* DR. KILLMARE: The local Dogpatch physician, who just happened to be a horse doctor. His name was a pun on movie, radio and TV's Dr. Kildare series.

* CAP'N EDDIE RICKETYBACK: Decrepit World War I aviator and proprietor/sole operator of the even more decrepit Dogpatch Airlines. Cap'n Eddie's name was a spoof of decorated World War I flying ace, Eddie Rickenbacker. In 1970, Cap'n Eddie and his firm Trans-Dogpatch Airlines were awarded the West Berlin Route by his old rival Count Felix Von Holenhedt.

* COUNT FELIX VON HOLENHEDT: German flying ace who in 1970 (age 89) was appointed as West German Civil Aviation Chief. He was never photographed without his World War I spiked helmet on his head. He wore it to cover the hole in his head that had been caused by being shot "clean through th' haid, in a dogfight over Flanders Field in 1918" by Cap'n Eddie Ricketyback.

* WEAKEYES YOKUM: Before Mister Magoo there was Dogpatch's own Cousin Weakeyes, who would tragically mistake grizzly bears for romantically-inclined "rich gals" in fur coats, and end a sequence by characteristically walking off a cliff.

* YOUNG EDDIE MCSKONK AND U.S. MULE: Ancient, creaky, white-bearded Dogpatch postmaster and his hoary jackass mount. They were usually too feeble to handle the sacks of timeworn, cobweb-covered letters marked "Rush" at the Dogpatch Express post office.

* J. COLOSSAL MCGENIUS: The brilliant marketing consultant and "idea man" who charged $10,000 per word for his sought-after business advice. McGenius was given to telling long-winded jokes with forgotten punch lines, however -- as well as spells of hiccups and belches which, at ten grand a pop, usually bankrupted his unfortunate clients. (He had a regrettable fondness for gassy soft drinks like "Burpsi-Booma" and "Eleven Urp.") He was aided by his lovely and meticulously efficient secretary, MISS PENNYPACKER.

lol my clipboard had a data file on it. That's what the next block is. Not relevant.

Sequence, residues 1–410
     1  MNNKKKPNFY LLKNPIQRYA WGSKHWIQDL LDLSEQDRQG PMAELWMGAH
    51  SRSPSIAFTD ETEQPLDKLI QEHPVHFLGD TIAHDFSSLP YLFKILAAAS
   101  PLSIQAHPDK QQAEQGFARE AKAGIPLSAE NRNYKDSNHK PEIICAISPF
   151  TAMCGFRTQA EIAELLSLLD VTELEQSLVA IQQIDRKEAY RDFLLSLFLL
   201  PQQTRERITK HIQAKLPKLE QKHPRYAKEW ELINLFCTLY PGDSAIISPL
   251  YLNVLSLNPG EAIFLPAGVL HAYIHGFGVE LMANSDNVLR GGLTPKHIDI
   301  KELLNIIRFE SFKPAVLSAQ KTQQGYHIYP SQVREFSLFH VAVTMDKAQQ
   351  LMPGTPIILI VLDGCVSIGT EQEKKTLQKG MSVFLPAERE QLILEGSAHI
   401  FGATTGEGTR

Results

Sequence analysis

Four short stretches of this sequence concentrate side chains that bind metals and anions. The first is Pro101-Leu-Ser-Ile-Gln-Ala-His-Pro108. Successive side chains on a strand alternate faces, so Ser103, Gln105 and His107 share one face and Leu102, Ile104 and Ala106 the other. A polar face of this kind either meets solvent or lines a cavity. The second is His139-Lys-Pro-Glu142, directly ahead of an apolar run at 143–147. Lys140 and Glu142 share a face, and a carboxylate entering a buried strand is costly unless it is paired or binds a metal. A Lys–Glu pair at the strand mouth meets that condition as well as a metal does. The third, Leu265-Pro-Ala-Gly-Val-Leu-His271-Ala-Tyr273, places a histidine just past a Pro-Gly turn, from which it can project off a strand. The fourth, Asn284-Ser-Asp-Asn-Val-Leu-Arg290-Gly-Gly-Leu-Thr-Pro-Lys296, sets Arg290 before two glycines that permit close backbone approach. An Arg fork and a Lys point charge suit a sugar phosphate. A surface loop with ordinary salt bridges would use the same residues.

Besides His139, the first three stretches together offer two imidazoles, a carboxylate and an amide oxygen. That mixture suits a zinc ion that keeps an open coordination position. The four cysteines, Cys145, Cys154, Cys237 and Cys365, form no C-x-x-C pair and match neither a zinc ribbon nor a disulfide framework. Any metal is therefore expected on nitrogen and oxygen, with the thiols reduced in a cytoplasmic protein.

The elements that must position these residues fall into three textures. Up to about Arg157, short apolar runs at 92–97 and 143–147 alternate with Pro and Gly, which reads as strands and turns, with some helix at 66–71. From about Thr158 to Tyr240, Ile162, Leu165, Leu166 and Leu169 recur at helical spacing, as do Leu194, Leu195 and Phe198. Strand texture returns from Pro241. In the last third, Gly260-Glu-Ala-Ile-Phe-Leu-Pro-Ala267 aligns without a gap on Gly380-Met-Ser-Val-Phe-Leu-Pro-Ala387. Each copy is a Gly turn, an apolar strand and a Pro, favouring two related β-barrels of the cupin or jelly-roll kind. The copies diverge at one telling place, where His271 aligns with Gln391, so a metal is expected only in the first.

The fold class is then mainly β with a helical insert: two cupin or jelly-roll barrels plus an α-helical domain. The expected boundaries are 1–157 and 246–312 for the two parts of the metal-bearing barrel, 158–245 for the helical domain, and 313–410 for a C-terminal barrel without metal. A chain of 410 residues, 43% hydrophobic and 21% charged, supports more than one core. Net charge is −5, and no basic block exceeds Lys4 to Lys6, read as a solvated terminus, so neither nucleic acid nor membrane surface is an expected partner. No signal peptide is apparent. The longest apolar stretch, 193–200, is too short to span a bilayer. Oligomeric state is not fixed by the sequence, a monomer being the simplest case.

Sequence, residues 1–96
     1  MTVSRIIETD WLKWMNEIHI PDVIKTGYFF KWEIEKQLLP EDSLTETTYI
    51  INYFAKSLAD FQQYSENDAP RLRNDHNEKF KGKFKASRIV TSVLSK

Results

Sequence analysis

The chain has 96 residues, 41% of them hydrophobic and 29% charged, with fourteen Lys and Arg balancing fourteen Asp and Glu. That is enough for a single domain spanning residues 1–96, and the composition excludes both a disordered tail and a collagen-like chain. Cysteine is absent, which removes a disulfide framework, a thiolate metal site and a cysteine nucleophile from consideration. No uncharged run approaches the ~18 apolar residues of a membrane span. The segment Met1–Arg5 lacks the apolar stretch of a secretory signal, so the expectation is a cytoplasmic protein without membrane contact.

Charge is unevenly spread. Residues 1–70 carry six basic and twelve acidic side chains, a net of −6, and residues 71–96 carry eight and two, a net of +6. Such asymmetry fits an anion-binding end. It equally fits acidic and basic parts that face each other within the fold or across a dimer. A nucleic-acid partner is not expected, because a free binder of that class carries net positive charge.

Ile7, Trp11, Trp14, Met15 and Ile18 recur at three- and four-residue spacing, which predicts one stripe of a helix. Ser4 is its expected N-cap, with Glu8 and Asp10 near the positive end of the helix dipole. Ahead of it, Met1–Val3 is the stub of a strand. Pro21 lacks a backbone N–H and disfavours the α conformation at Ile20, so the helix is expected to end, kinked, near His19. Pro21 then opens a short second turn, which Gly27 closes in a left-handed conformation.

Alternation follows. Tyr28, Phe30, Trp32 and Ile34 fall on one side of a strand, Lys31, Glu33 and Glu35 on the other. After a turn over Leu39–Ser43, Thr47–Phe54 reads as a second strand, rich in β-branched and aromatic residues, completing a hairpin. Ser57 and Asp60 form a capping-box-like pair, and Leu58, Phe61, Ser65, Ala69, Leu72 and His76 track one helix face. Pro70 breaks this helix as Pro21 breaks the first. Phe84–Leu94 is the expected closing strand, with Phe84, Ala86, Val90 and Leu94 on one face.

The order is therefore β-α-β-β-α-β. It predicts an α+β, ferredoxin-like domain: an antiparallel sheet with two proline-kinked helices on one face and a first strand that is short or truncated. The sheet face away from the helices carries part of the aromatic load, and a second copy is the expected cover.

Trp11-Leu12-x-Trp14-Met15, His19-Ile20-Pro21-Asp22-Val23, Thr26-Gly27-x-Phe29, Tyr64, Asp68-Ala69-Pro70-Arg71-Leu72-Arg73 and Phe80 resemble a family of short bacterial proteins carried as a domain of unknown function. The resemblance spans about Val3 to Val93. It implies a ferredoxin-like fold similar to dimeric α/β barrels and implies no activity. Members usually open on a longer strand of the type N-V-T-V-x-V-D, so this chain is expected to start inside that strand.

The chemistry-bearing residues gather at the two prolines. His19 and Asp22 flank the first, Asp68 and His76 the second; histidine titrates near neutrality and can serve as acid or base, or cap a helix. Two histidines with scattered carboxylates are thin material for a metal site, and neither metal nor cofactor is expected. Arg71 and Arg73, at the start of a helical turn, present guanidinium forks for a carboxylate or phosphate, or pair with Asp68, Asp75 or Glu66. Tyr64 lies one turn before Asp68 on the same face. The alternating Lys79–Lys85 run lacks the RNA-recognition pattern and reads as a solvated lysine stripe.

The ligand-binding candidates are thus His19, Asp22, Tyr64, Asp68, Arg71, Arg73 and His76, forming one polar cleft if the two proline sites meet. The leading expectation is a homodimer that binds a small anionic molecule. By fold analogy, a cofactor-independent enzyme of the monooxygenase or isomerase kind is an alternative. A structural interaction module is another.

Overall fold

* SILENT YOKUM: Prudent Cousin Silent never utters a word unless it's absolutely, vitally important. Consequently, he hasn't spoken in 40 years. The arrival of Silent's grim visage in Dogpatch signaled earthshaking news on the horizon. Capp would milk reader suspense by having Silent "warm up" his rusty, creaking jaw muscles for a few days, before the momentous pronouncement.

* HAPPY VERMIN: The "world's smartest cartoonist" -- a caricature of Ham Fisher -- who hired Li'l Abner to draw his comic strip for him in a dimly-lit closet. Instead of using Vermin's tired characters, Abner had inventively peopled the strip with hillbillies. A bighearted Vermin told his slaving assistant: "I'm proud of having created these characters!! They'll make millions for me!! And if they do -- I'll get you a new light bulb!!"

* BIG STANISLOUSE; aka BIG JULIUS: Stanislouse was a brutal gangster with a childish fondness for kiddie TV superheroes (like "Chickensouperman" and "Milton the Masked Martian"). Part of a virtual goon squad of comic mobsters that inhabited Li'l Abner and Fearless Fosdick, the oafish Stanislouse alternated with other all-purpose underworld thugs, including "the Boys from the Syndicate" -- Capp's euphemism for The Mob.

* THE SQUARE-EYES FAMILY: Mammy's revelatory encounter with these unpopular Dogpatch outcasts first appeared in 1956. The fable-like story was really a thinly-veiled appeal for racial tolerance. It was later issued as an educational comic book -- called Mammy Yokum and the Great Dogpatch Mystery! -- by the Anti-Defamation League of B'nai B'rith.